A new controversy in Colorado has underscored similar First Amendment concerns. On March 15, an exhibition of high school student art opened at the Wellington Webb Municipal Building in Denver. One tenth grader submitted a painting that has set off a firestorm. The background of the painting shows an American flag, which is peeling away at the center to reveal a Confederate battle flag.
Topics: First Amendment
Event—The Perspective of the Art Market in Italy
A fascinating event will be held in Milan on April 9, 2016 on the current perspective of the art market in contemporary Italy. I cannot make it, but it promises to be a worthwhile event for anyone able to attend. Market-focused discussions like this are an essential component of a sophisticated understandingof the current situation.
Expropriation Exception Saves Case, But District Court Holds Commercial Activity Exception Does Not Apply, Claims to Two of the Paintings at Issue are Dismissed as Well
The ongoing litigation between the heirs of Baron Mor Lipot Herzog and several state owned Hungarian museums has produced a new decision interpreting the scope of the Foreign Sovereign Immunities Act (FSIA), a frequent tool used to seek jurisdiction over Nazi-looted art claims brought in U.S. federal court. Relying on Supreme Court and D.C. Circuit cases in the last few months, the U.S. District Court held that claims for all but two of the paintings at issue can proceed under the FSIA’s “expropriation exception” codified in 28 U.S.C. § 1605(a)(3), but that the FSIA’s “commercial activity exception”—which the D.C. Circuit had held applicable in 2013 to the same case—could not be invoked based on the facts in the record developed in discovery. De Csepel v. Republic of Hungary, 2016 U.S. Dist. LEXIS 32111 (March 14, 2016).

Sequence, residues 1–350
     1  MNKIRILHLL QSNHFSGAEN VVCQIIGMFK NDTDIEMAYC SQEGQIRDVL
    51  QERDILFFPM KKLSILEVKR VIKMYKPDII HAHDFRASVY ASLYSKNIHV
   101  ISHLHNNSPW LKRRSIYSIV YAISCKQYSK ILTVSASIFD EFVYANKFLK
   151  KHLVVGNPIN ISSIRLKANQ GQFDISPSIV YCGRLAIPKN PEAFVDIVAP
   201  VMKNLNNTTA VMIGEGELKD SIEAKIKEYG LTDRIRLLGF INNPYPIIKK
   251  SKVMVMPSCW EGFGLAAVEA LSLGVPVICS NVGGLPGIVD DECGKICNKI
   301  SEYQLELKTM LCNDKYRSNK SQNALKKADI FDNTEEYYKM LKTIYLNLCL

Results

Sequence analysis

Topics: David de Csepel, commercial activity exception, Hungary, Foreign Sovereign Immunities Act, Budapest University of Technology and Economics, Hungarian National Gallery, Budapest Museum of Fine Arts, expropriation exception”, Restitution, World War II
I am pleased to be speaking at a conference in two weeks at Georgetown University Law Center entitled Intersections in Cultural Heritage Law. The two-day conference will address developments in international human rights and cultural heritage law, intersections of criminal and civil law concerning cultural property, extraterritorial protection of cultural property, and the international movement and restitution of cultural artifacts. In addition, world heritage and the world court will be discussed.
Last May, a former Columbia University student sued the university over the circumstances around Emma Sulkowicz’s widely publicized “Mattress Project,” in which Sulkowicz vowed to carry a mattress around campus so long as the plaintiff, a man named Paul Nungesser whom Sulkowicz had accused of sexual assault, remained on campus. Nungesser’s lawsuit was dismissed on Friday. In addition to the interesting tactical aspects of the case—most prominently Nungesser’s decision to sue Columbia, but not Sulkowicz, who if Nungesser is to be believed has been defaming him—the dismissal is an important result in the growing campus battles over efforts to try to enforce prohibitions against expression or restrict the ability to give offense. In that sense the dismissal is a welcome result.
Barely a week ago German Minister of Culture Monika Grütters was dismissively rejecting any changes to the Advisory Commission that issues recommendations on claims of Nazi-looted art in German museums. Today, in a classic Friday afternoon news dump, Germany caved to a drumbeat of pressure to include Jewish members of the Commission, pressure that began right here and continued with the support of colleagues and friends around the world. The lesson? No voice is too small to make a difference.